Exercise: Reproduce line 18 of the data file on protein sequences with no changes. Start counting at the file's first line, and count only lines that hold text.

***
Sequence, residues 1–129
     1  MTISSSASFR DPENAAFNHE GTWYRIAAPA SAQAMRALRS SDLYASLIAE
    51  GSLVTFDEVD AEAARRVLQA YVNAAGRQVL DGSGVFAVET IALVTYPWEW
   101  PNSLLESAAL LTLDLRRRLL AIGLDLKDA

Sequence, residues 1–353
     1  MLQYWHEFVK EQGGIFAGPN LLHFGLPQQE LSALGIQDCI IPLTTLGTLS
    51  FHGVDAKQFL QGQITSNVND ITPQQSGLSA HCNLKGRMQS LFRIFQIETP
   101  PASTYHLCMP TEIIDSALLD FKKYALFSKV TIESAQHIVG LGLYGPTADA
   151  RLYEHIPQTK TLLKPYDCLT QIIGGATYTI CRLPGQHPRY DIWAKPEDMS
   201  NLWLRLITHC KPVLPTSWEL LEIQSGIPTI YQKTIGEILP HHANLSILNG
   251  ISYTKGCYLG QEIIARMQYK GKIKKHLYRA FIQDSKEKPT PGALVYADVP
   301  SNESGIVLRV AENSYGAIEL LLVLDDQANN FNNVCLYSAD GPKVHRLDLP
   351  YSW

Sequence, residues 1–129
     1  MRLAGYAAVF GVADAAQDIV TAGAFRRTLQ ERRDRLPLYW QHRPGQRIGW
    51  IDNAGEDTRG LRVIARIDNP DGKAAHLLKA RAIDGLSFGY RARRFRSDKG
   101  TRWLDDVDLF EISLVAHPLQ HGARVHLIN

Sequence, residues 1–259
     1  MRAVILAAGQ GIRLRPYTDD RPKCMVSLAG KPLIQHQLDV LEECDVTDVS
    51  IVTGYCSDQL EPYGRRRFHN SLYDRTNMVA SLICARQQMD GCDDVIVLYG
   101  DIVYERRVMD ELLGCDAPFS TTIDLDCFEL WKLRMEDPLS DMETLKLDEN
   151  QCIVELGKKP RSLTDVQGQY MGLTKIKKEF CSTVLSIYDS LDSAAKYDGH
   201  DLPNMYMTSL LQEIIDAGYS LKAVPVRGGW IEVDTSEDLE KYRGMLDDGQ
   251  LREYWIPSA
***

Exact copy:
Sequence, residues 1–259